“This sock did everything extremely well, but mostly it was just damn comfy,” wrote our Gear Guy. The Hiker provides a nice cushion for the heel and forefoot without being too bulky, and the fit is super snug. The merino-nylon-spandex blend is odor-resistant and never itchy.
This suitcase-style pack is ideal for keeping your gear organized and separated. The internal padded laptop sleeve keeps electronic devices safe, and a small pocket on the front of the pack fits documents, a phone, or a notebook. You can carry the Mission three ways: as a suitcase, over the shoulder, or backpack style.
This portable jump starter is the size of a sandwich, but has the juice to single-handedly revive a vehicle. Charge it via the included USB cable, and throw it in the trunk for additional peace of mind wherever you drive.
“There are plenty of puffy blankets on the market, but the Rumpl Down Puffy takes the cake,” our tester wrote. This compressible, 600-fill down blanket will keep you warm on your next stargazing outing. It's versatile, too: “The Down Puffy can be your sleeping bag stand-in on a summer backpacking trip.”
Outside’s male staffers love the Retro Pile Pullover for its fuzzy, versatile warmth. Credit the double-sided shearling that's soft on the skin. It works great as a midlayer fleece or over a shirt for spring hikes.
The Mega Mat Duo is the most comfortable mattress we’ve used for car camping, hands down. It’s a 10-centimeter-thick air pad with memory foam insulation. It’s pricey, but it’s the closest we’ve come to feeling like we were in our bed at home while camping.
We gave this jacket a Gear of the Year award in 2017. “Think of it as a Nano-Air on steroids: a stretchy, waterproof-breathable fabric wraps the synthetic fill, while the interior is made from the same plush liner as the original. Add pit zips and you have a bombproof jacket that wears and breathes like a sweatshirt,” wrote our tester.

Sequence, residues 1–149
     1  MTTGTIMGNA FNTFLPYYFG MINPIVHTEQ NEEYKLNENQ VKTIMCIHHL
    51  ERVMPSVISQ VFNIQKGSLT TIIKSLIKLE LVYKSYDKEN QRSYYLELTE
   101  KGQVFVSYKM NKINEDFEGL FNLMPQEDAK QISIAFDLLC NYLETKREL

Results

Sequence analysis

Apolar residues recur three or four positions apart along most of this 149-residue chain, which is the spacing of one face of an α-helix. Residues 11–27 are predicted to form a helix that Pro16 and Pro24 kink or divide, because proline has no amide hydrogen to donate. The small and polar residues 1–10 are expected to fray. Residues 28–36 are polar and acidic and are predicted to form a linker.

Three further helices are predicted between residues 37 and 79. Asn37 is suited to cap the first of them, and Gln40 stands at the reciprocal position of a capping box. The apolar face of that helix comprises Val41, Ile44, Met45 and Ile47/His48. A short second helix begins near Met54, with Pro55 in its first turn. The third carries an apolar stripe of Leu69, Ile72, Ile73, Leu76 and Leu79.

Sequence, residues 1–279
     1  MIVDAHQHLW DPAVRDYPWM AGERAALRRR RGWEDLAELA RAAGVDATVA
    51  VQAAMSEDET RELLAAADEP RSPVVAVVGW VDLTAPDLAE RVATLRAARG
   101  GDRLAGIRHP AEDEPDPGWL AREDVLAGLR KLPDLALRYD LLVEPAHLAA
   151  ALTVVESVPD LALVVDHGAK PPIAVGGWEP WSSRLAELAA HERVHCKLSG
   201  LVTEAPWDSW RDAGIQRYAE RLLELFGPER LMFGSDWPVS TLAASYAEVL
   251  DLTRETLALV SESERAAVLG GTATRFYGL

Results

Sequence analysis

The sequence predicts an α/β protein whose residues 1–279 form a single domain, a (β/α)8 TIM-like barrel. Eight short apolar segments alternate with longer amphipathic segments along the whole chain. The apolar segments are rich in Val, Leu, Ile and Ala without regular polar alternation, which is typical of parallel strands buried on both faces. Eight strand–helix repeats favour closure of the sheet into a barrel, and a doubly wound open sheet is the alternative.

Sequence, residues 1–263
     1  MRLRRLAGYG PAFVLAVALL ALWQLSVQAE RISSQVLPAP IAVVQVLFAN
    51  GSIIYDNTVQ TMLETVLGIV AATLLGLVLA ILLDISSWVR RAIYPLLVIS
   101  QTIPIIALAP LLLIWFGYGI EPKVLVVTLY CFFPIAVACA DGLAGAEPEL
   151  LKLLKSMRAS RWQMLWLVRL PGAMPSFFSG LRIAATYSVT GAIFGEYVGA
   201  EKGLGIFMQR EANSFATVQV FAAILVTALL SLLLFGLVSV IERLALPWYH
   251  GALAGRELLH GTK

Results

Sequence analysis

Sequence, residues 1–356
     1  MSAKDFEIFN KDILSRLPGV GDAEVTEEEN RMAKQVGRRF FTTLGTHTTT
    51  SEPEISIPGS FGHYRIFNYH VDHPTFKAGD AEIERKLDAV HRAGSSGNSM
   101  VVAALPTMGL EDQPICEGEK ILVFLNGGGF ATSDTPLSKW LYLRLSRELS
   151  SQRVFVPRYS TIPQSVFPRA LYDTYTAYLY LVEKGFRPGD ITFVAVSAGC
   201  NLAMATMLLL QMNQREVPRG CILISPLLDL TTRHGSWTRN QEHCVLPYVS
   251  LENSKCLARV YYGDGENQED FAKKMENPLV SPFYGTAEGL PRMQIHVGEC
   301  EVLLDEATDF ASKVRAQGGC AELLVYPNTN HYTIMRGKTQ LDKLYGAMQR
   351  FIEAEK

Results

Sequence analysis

Though Outside columnist Andrew Skurka loves the Garmin InReach Mini, the device’s bigger and older brother, the Explorer+, offers a few nice features at the cost of size and weight: a bigger color screen, more efficient button layout, better virtual keyboard, and longer-lasting battery.
If you work in an open space area or spend time traveling, these headphones are essential. We recommended them for getting work done while on the go because they have Bose’s top-notch noise cancellation technology, 20 hours of battery life, and are compatible with Amazon Alexa and Google Assistant.
The Coleman Classic is one of our Gear Guy’s top choices for car camping. “The two 10,000-BTU burners take a little while to heat things up, but no one should be in a rush when out camping,” he wrote. “If anything ever breaks on a Classic—which rarely happens—replacement parts are easy to find, and the fixes are easy to make.”
The Daylite doesn’t come with a bladder, but there’s storage aplenty: 20 liters in the main compartment plus an exterior pocket. The sleeve in the main compartment can house a reservoir you buy separately, or it’ll accommodate a tablet or small laptop if you’re just using it for commuting. If you’re extra thirsty, two side bottle pockets boost the Daylites water-carrying capacity.